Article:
All Brand New Homes in Philly are Now Guaranteed to Come With This One Thing

Philly's building code now requires all new construction homes to have an in-sink garbage disposal, which helps grind food waste into biogas.

in-sink disposal

Philly is saying bye, bye, bye to food scraps and hello to biogas, as in-sink garbage disposals are now required in new construction homes.

As the housing market in Philly continues to make its comeback, many house hunters are seeking the sleek new construction homes that are popping up in vacant lots across the city.

While some have been discussing about the benefits of a 10-year tax abatement or holding out for a roof deck with skyline views, the city dropped an interesting wrinkle into the building code that took effect on January 1: all new residential construction must have in-sink garbage disposals.

Hey, we didn’t say it was sexy, but it does come with its benefits.

Garbage disposals help grind food scraps and, and in turn, the city processes this waste into biogas, a renewable energy used for heat, fuel and electricity. As CityLab reports, the city uses this biogas to power wastewater treatment facilities, which officials say have excess capacity:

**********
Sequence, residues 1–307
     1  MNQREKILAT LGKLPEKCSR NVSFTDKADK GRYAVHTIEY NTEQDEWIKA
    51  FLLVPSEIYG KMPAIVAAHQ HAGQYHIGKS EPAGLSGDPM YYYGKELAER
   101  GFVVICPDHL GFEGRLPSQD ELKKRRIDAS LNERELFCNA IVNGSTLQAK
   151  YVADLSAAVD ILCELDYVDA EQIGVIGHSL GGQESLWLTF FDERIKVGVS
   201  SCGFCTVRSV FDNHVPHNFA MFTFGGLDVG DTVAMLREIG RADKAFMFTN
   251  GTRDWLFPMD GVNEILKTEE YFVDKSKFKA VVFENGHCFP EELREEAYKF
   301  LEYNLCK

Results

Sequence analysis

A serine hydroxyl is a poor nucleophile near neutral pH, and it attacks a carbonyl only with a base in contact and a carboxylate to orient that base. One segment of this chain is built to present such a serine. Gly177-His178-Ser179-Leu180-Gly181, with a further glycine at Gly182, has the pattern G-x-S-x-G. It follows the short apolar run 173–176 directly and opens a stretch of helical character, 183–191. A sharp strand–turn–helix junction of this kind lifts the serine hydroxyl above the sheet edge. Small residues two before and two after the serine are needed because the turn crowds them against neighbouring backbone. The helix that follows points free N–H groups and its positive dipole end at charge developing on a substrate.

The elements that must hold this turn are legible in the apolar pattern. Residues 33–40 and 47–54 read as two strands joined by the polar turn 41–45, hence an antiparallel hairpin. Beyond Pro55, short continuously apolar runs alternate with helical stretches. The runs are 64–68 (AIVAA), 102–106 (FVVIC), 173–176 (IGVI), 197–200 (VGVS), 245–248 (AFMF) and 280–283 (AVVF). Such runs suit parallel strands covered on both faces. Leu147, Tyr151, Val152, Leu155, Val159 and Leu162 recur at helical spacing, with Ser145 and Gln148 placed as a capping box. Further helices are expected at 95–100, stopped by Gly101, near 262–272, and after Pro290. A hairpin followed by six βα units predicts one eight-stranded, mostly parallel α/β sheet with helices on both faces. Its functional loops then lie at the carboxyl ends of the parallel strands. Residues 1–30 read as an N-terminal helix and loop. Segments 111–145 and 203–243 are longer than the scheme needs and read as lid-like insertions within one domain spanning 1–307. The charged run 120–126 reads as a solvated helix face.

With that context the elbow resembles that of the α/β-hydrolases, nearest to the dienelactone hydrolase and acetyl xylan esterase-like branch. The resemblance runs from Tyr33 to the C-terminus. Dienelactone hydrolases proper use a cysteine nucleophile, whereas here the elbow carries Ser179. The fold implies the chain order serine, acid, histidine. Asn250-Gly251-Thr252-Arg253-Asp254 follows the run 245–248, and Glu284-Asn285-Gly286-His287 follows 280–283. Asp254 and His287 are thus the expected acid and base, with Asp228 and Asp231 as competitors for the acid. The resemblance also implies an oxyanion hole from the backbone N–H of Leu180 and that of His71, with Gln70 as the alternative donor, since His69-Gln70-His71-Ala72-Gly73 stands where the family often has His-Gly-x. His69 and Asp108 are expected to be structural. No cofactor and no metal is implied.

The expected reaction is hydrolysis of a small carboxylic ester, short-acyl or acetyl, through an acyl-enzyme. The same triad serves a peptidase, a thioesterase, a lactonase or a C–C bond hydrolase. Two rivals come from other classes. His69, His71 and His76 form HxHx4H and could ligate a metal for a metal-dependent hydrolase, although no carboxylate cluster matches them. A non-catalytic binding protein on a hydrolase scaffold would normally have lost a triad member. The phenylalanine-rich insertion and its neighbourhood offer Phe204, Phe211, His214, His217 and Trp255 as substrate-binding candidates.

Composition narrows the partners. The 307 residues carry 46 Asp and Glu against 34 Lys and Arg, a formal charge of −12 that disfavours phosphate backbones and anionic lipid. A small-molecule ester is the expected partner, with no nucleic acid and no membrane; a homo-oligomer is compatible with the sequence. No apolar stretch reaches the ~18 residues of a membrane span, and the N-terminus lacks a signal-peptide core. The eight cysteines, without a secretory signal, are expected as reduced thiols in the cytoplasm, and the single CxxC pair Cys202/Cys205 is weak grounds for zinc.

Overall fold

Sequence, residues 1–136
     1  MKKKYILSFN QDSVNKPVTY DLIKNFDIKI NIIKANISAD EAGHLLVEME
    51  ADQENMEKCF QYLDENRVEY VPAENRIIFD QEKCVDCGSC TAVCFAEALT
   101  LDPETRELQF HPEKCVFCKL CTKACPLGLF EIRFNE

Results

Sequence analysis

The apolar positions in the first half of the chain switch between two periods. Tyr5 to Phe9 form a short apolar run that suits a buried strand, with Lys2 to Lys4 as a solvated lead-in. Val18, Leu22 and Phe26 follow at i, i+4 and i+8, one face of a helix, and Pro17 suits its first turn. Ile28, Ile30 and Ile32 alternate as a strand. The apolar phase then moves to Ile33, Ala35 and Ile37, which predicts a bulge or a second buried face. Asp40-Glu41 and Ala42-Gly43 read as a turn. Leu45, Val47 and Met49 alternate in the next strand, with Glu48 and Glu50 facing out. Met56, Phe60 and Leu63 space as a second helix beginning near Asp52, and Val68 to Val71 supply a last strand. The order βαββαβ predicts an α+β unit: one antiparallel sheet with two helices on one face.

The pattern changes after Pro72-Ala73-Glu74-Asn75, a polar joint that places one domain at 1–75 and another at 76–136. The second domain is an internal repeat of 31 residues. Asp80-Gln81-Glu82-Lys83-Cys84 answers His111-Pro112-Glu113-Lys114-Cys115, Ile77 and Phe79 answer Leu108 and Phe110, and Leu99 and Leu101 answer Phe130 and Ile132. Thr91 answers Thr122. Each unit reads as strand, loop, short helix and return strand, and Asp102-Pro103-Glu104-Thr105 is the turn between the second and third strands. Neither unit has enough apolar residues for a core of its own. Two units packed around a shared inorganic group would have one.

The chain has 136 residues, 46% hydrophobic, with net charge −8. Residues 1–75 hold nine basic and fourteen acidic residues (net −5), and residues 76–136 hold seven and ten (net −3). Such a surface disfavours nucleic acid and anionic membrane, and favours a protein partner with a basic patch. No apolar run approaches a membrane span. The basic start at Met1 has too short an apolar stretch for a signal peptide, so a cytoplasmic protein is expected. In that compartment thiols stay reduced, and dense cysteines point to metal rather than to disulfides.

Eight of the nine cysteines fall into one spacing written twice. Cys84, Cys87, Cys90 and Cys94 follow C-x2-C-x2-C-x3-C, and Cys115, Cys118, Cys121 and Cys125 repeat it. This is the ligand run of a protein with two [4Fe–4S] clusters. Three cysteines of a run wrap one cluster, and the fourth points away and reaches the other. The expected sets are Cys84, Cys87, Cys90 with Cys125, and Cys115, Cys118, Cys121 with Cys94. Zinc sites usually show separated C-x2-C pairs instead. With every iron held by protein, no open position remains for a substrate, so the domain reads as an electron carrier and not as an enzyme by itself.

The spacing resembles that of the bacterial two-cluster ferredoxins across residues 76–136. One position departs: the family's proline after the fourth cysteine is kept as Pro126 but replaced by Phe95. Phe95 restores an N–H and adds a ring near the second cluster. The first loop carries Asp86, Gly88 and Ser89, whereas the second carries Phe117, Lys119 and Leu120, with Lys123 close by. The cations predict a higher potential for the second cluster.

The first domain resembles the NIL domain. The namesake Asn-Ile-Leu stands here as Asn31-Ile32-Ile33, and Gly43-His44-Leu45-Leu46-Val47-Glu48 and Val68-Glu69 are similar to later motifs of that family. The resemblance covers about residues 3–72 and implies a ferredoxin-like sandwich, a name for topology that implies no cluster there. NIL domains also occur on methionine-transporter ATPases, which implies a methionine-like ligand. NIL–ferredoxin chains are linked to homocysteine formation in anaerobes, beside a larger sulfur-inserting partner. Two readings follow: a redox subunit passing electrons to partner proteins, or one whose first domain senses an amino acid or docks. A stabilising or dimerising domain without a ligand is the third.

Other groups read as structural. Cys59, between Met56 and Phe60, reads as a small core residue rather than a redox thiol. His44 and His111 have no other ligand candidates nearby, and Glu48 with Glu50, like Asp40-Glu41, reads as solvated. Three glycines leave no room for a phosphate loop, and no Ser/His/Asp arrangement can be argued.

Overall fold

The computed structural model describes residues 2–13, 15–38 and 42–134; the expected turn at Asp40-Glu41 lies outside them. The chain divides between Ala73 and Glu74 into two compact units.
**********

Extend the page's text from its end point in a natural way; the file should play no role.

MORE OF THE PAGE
“More disposals directing pulverized food waste into the city’s processing plant means more biogas that the city can rely on. The requirement will also cut back significantly on how much the city spends on lugging solid food waste from homes to landfills—roughly $3 million a year, according to city recycling director Phil Bresee.”

The new addition to the building code isn’t the Philadelphia’s first foray into reducing food waste. The city opened its first biogas-to-energy facility in Bridesburg, dubbed the Northeast Pollution Control Plant (NCPC), in November of 2013. The methane created as a byproduct of the storm water management process helps produce 85% of all electrical energy currently used in the massive $47 million facility.

In what was a precursor to the NPCP, the city gave away 200 InSinkErator garbage disposal systems to residents of Point Breeze and West Oak Lane in 2012.